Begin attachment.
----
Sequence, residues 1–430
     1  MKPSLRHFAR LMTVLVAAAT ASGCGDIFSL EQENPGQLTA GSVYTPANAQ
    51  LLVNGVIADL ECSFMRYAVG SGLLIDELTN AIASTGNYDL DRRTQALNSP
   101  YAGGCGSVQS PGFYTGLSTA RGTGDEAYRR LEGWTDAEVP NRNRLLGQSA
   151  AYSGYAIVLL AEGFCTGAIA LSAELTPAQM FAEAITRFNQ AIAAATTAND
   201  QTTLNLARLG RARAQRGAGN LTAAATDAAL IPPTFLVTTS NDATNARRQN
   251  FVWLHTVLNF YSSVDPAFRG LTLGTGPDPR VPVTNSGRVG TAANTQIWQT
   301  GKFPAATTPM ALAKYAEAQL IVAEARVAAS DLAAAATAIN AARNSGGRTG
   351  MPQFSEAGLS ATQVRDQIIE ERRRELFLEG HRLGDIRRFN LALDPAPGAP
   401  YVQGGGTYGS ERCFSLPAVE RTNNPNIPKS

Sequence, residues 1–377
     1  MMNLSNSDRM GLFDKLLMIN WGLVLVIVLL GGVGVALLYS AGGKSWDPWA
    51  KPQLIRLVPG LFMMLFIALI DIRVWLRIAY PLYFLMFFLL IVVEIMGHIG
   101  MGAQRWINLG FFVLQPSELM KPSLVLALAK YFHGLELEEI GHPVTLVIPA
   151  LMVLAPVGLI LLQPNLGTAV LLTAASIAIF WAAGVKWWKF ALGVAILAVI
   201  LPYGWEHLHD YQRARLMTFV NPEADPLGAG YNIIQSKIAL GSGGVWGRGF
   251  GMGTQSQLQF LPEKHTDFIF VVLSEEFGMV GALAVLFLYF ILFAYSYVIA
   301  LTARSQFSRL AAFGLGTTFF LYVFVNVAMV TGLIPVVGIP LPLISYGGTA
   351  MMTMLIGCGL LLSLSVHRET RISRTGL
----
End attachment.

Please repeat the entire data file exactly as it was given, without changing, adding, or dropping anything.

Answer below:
Sequence, residues 1–430
     1  MKPSLRHFAR LMTVLVAAAT ASGCGDIFSL EQENPGQLTA GSVYTPANAQ
    51  LLVNGVIADL ECSFMRYAVG SGLLIDELTN AIASTGNYDL DRRTQALNSP
   101  YAGGCGSVQS PGFYTGLSTA RGTGDEAYRR LEGWTDAEVP NRNRLLGQSA
   151  AYSGYAIVLL AEGFCTGAIA LSAELTPAQM FAEAITRFNQ AIAAATTAND
   201  QTTLNLARLG RARAQRGAGN LTAAATDAAL IPPTFLVTTS NDATNARRQN
   251  FVWLHTVLNF YSSVDPAFRG LTLGTGPDPR VPVTNSGRVG TAANTQIWQT
   301  GKFPAATTPM ALAKYAEAQL IVAEARVAAS DLAAAATAIN AARNSGGRTG
   351  MPQFSEAGLS ATQVRDQIIE ERRRELFLEG HRLGDIRRFN LALDPAPGAP
   401  YVQGGGTYGS ERCFSLPAVE RTNNPNIPKS

Sequence, residues 1–377
     1  MMNLSNSDRM GLFDKLLMIN WGLVLVIVLL GGVGVALLYS AGGKSWDPWA
    51  KPQLIRLVPG LFMMLFIALI DIRVWLRIAY PLYFLMFFLL IVVEIMGHIG
   101  MGAQRWINLG FFVLQPSELM KPSLVLALAK YFHGLELEEI GHPVTLVIPA
   151  LMVLAPVGLI LLQPNLGTAV LLTAASIAIF WAAGVKWWKF ALGVAILAVI
   201  LPYGWEHLHD YQRARLMTFV NPEADPLGAG YNIIQSKIAL GSGGVWGRGF
   251  GMGTQSQLQF LPEKHTDFIF VVLSEEFGMV GALAVLFLYF ILFAYSYVIA
   301  LTARSQFSRL AAFGLGTTFF LYVFVNVAMV TGLIPVVGIP LPLISYGGTA
   351  MMTMLIGCGL LLSLSVHRET RISRTGL